Criminals cashing in on 'xenophobia'

2010-07-12 23:18
Armed police secure a spaza shop belonging to a foreigner in Khayelitsha. Dozens of shops, most of them belonging to Somalians have been closed after sporadic attacks at the weekend. (Edrea Cloete, Die Burger)

Armed police secure a spaza shop belonging to a foreigner in Khayelitsha. Dozens of shops, most of them belonging to Somalians have been closed after sporadic attacks at the weekend. (Edrea Cloete, Die Burger) (Edrea Cloete)

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Cape Town - Police and troops remained out in force in Western Cape townships on Monday night after an outbreak of violence at the weekend in which foreigners were targeted.

They had been ordered to take "harsh" action to stamp out anti-foreigner threats after immigrants fearing violence sought refuge in several police stations.

Police spokesperson Frederick van Wyk said there were "sporadic incidents of looting" on Sunday night at shops belonging to foreigners on the Cape Flats, and in Wellington, Paarl, Franschhoek and Klapmuts.

The situation had returned to normal on Monday.

Van Wyk said no incidents were reported during the day.

President Jacob Zuma said on Monday that threats of an outbreak of xenophobic violence were still rumours.

"I'm not certain whether there have been threats of xenophobia. I know that there have been rumours that have been reported," he told journalists in Sandton.

"There have been reports, which we don't know the source of yet, that in fact there will be xenophobia attacks after 2010 (World Cup).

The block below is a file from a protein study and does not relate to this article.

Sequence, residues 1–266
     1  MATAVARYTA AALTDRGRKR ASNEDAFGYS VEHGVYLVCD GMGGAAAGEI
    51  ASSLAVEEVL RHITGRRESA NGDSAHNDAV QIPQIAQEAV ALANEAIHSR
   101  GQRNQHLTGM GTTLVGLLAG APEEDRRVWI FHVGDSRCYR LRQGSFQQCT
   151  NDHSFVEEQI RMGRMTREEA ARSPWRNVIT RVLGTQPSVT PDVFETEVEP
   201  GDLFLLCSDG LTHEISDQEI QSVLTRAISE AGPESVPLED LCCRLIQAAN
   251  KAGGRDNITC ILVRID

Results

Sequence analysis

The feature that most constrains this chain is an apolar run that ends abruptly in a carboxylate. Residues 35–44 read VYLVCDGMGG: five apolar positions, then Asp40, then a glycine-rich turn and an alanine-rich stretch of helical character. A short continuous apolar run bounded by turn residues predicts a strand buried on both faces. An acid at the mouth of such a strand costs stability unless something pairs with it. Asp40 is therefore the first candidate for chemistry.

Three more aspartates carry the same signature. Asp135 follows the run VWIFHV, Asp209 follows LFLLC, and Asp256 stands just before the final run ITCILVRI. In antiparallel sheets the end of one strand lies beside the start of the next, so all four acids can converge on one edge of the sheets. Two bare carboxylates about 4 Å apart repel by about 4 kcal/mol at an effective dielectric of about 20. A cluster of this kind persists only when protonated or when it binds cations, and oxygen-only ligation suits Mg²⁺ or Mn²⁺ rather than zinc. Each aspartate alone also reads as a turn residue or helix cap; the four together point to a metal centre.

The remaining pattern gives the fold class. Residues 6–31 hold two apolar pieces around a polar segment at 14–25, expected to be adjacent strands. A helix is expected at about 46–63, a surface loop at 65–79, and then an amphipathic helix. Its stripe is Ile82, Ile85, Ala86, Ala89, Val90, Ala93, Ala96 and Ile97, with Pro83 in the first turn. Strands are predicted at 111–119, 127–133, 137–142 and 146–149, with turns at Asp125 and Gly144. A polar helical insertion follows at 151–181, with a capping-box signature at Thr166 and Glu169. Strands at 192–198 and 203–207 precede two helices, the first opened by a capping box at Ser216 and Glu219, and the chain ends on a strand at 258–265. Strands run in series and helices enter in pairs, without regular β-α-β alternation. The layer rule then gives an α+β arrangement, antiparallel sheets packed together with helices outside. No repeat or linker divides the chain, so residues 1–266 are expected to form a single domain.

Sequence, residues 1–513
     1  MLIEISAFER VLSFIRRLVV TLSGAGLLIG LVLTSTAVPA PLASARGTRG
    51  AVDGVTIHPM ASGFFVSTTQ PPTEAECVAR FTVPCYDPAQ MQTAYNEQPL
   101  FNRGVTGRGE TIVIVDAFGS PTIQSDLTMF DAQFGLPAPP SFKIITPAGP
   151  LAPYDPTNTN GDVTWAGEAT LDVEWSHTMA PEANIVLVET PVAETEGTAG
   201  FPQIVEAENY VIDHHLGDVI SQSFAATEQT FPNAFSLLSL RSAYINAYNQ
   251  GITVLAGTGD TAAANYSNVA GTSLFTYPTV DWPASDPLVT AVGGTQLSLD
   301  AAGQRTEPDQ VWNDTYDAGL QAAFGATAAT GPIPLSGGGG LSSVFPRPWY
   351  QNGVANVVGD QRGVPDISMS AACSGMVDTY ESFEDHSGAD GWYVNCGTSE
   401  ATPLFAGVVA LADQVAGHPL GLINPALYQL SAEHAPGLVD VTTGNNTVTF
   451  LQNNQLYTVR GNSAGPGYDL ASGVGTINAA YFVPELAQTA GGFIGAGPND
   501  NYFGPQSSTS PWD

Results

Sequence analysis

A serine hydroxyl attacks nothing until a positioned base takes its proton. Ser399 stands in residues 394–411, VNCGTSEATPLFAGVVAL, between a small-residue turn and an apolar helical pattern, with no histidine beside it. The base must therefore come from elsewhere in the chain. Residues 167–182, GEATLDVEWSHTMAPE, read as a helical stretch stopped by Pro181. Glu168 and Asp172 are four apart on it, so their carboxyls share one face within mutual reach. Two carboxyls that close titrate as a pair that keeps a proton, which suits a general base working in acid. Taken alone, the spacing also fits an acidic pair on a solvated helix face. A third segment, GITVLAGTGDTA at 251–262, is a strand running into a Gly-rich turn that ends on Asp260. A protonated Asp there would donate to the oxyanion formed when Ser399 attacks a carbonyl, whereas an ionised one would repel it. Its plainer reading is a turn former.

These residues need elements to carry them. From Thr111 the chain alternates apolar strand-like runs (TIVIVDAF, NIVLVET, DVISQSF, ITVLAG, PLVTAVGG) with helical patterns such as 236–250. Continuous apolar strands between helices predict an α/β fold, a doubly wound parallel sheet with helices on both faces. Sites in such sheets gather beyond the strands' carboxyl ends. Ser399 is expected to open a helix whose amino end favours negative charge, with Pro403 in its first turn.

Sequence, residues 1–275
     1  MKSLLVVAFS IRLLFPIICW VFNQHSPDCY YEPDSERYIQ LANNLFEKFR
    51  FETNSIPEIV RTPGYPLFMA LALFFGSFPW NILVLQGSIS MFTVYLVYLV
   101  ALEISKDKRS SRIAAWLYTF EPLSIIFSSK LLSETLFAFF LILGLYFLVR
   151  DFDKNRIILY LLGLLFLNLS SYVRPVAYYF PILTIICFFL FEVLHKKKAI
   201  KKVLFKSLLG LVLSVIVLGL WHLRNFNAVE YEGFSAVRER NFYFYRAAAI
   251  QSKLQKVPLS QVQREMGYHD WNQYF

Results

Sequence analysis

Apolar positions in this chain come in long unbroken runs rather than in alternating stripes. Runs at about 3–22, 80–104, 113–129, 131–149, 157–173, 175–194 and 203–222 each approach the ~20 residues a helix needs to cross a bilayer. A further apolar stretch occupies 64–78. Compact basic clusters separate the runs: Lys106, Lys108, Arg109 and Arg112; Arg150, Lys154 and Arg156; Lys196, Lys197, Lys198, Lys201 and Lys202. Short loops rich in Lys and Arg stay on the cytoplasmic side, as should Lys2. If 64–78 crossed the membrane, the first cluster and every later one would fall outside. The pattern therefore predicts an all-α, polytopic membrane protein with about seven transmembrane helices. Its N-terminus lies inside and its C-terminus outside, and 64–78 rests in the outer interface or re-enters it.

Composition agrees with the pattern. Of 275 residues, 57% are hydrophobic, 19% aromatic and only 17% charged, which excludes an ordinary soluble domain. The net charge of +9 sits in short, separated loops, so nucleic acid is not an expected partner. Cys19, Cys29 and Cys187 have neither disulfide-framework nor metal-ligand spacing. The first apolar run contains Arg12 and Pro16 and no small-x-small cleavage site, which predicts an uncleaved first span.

Real concrete report

"We are not necessarily failing to do our duty to ensure that it does not happen, but let us just make a distinction between a rumour and a real concrete report with a clear source of information."

"Government is on top of that situation and I'm sure people should not have fears because we are there as government to look at the security of people and, indeed, we are ready to deal with the situation of that nature."

Zuma said it was unlikely that South Africans would welcome World Cup visitors on the one hand and threaten foreigners on the other.

Earlier on Monday Police Minister Nathi Mthethwa and his defence colleague Lindiwe Sisulu flew down to the province from Pretoria to get first-hand reports from senior law enforcement officers.

Mthethwa's spokesperson, Zweli Mnisi, said it had been discovered that criminals were using xenophobia as an excuse to create "anarchy and anxiety".

"Any criminality disguised as xenophobia won't be tolerated," he said.

Sisulu said in a statement the army would do all it could to help the police and vowed that anybody who targeted foreigners would be "dealt with".

Fear and crime

"Opportunistic criminals must know that we will deal with them harshly, there is no way we will allow them to spread fear and crime."

Spokesperson for provincial disaster management Daniella Ebenezer said 70 foreigners had sought refuge on Sunday night at the Mbekweni police station in Paarl and 22 at Wellington.

There were smaller numbers at police stations in Franschhoek and on the Cape Flats.

She said there were "sporadic" attacks on shops on Saturday in the region, and "some incidents of looting" on Sunday.

No-one had been seriously injured.

She said according to reports from police, spaza shops and containers used as shops were "damaged" in Mbekweni, Paarl East, Wellington and Nyanga on Sunday.

"Provincial and local government are on standby to provide humanitarian support, should this be required," Ebenezer said.

Read more on:    jacob zuma  |  cape town  |  xenophobia


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